set up OpenVPN connection in Kali Linux

Almost every VPN provider out there will support the largest platforms. Every serious VPN provider you look at will supply native Windows, macOS, Android, and iOS client apps to their users. But with Linux, it’s not as simple as that. Some providers do, but most do not.

That doesn’t necessarily mean that you can’t set up a client connection to your VPN provider using Linux. It just means that you may have to do a bit of extra work to get there. In this article, we’re going to show you how to set up an OpenVPN client connection in Kali Linux using the Network Manager.

OpenVPN configuration files

To get this working, you’re going to need to download your VPN provider’s OpenVPN configuration files (.ovpn).

In general, a provider that supports Linux without supplying a native Linux client makes its OpenVPN configuration files available on its website. This goes for VPN providers that support routers as well.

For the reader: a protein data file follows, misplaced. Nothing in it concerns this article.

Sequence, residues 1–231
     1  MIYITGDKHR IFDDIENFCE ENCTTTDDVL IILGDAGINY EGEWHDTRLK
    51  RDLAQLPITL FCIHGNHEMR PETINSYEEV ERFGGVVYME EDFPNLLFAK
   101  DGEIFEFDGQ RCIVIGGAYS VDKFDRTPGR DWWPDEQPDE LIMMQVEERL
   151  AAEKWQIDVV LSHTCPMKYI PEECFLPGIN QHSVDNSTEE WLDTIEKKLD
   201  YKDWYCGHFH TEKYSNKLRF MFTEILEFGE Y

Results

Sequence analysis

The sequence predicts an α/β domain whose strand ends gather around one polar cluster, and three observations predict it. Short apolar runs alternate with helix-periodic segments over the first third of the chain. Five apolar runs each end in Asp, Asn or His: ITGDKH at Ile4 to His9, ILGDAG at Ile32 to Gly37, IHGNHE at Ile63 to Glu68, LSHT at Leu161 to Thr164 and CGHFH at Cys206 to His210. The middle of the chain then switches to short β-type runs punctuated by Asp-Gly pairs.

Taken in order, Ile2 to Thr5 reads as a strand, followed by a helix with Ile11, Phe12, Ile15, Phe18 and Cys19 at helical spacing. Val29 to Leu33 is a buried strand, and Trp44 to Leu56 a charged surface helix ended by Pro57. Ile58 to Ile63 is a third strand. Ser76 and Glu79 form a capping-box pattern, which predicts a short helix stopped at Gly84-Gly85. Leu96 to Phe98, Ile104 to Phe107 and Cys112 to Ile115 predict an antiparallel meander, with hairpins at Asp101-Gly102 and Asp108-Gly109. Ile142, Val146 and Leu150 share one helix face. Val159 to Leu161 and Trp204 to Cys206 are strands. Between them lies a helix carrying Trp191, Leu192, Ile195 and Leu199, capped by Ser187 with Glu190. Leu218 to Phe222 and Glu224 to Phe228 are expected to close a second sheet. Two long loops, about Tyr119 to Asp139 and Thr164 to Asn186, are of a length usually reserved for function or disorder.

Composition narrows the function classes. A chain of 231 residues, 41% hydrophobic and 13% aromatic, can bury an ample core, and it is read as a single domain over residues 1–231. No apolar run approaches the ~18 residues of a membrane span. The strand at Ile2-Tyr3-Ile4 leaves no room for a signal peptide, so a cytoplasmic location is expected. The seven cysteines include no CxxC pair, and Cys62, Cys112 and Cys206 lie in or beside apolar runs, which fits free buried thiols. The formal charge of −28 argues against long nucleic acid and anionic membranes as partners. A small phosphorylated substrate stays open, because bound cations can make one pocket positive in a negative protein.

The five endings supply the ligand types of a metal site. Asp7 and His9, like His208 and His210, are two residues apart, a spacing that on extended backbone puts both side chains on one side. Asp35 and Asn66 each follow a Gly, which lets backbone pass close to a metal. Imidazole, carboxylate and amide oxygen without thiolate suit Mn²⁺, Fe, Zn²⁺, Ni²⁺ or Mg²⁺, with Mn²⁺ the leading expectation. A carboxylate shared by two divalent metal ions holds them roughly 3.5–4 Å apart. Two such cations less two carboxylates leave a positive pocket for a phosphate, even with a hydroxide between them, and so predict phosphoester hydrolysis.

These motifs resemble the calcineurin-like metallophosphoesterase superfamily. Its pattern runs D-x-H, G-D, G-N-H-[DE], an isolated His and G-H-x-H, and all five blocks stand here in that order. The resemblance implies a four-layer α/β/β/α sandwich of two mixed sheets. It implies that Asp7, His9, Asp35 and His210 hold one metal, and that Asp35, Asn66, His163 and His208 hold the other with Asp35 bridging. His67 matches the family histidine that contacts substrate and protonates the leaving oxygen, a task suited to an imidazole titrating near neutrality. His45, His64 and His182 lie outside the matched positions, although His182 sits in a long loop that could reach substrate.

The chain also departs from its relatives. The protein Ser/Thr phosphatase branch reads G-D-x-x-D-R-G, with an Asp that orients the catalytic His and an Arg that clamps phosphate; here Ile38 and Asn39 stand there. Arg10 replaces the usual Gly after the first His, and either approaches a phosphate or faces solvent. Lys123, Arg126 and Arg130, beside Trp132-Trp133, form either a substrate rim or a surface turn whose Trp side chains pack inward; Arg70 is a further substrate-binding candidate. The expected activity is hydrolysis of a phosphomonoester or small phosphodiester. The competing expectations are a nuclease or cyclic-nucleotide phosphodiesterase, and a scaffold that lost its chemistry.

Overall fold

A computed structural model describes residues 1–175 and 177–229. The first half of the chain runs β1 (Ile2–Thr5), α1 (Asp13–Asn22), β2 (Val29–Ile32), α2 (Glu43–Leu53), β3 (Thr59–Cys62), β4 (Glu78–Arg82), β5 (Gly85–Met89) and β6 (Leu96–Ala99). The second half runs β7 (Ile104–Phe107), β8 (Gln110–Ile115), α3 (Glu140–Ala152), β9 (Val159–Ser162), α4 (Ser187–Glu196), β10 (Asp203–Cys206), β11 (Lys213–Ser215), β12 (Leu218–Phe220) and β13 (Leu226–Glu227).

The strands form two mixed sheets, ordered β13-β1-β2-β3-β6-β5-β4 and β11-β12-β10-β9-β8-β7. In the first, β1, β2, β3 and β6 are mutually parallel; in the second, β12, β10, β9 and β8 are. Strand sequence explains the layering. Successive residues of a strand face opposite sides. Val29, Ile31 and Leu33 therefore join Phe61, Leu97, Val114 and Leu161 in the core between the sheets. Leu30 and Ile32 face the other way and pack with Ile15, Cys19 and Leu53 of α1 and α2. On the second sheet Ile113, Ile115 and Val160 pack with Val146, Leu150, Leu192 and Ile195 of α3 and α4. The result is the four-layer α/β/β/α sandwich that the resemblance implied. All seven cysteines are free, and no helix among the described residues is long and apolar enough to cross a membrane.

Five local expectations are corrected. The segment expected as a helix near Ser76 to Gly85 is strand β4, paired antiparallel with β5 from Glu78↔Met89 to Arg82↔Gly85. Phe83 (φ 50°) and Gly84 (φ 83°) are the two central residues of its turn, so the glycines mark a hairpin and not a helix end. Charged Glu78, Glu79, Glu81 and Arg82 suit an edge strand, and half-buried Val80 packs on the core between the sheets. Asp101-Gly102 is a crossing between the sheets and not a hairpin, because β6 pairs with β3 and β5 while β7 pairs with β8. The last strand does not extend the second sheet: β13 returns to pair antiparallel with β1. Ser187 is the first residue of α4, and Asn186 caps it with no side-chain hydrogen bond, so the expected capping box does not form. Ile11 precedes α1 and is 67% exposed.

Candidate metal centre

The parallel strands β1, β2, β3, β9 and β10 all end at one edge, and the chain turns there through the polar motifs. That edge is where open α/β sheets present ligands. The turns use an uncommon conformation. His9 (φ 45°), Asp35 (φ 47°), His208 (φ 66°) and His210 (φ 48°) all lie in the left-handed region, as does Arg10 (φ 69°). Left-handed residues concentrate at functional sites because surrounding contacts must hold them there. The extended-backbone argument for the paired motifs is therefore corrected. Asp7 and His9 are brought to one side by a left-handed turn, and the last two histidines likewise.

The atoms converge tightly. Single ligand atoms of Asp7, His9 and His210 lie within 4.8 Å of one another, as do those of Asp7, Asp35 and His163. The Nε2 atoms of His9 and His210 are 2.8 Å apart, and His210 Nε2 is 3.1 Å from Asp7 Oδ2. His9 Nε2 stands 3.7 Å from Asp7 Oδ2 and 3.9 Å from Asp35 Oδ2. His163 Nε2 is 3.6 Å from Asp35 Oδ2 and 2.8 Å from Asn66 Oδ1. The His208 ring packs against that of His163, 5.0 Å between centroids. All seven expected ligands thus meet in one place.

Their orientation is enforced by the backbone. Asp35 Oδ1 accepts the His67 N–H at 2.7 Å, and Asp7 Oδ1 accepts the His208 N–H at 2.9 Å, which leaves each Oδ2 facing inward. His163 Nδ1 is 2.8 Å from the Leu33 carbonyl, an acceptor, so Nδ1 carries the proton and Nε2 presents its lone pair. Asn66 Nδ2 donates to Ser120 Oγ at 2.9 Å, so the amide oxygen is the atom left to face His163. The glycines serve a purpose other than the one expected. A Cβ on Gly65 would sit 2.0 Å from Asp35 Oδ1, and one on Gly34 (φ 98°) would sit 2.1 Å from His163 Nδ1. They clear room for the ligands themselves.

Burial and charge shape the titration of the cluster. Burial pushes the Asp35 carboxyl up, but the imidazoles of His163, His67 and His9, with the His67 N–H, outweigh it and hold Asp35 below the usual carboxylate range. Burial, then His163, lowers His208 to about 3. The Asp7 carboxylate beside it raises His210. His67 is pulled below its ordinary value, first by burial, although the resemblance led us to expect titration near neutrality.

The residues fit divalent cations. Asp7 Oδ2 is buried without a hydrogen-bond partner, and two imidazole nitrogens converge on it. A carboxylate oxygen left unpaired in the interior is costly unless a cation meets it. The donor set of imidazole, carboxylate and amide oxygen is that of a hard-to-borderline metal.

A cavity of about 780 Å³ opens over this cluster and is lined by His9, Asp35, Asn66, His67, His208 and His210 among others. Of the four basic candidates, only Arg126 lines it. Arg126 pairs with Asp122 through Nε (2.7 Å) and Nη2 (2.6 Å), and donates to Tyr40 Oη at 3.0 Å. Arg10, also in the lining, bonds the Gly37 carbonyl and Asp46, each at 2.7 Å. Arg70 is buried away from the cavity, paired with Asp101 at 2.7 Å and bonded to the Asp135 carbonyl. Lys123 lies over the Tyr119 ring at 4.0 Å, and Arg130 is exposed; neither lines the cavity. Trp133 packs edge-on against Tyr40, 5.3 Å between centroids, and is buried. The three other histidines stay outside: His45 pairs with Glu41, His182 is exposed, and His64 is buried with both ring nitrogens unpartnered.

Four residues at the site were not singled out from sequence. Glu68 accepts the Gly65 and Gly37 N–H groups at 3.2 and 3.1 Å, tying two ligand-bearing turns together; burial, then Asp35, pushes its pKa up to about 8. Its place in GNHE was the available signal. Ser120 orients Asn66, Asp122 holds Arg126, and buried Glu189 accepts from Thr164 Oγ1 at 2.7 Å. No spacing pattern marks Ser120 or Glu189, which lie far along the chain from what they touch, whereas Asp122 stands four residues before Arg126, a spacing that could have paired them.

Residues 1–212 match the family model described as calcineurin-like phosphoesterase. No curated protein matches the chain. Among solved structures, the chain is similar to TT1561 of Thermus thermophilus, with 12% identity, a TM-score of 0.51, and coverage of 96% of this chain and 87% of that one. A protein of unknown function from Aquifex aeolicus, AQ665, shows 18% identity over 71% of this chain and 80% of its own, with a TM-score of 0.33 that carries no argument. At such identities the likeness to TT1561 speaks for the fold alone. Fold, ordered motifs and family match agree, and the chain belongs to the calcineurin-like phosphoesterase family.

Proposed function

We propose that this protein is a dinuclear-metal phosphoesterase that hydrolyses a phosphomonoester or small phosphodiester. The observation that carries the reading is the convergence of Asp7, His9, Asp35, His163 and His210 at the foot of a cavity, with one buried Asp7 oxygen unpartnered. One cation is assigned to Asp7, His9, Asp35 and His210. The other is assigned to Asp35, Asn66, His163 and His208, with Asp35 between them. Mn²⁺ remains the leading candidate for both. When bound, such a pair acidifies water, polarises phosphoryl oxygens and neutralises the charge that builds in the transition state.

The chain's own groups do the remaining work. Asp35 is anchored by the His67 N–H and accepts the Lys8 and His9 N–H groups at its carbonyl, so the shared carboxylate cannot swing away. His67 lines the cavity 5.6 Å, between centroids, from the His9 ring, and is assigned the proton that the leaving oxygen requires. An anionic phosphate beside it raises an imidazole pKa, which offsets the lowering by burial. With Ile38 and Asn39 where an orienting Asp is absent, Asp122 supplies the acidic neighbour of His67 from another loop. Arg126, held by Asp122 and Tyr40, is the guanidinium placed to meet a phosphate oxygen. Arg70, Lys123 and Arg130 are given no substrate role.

Some VPN providers, even though they do provide native client apps for a particular platform, still provide access to their OpenVPN configuration files to enable users of that platform to connect using a third-party client.

So, if your VPN provider supports Linux (without a native client), supports routers, or allows its users to connect with third-party clients, there’s a good chance it will make its OpenVPN configuration files available for download. And the information contained in these files can be used to create a VPN connection over Linux using the Network Manager, a third-party client.

Supported VPN providers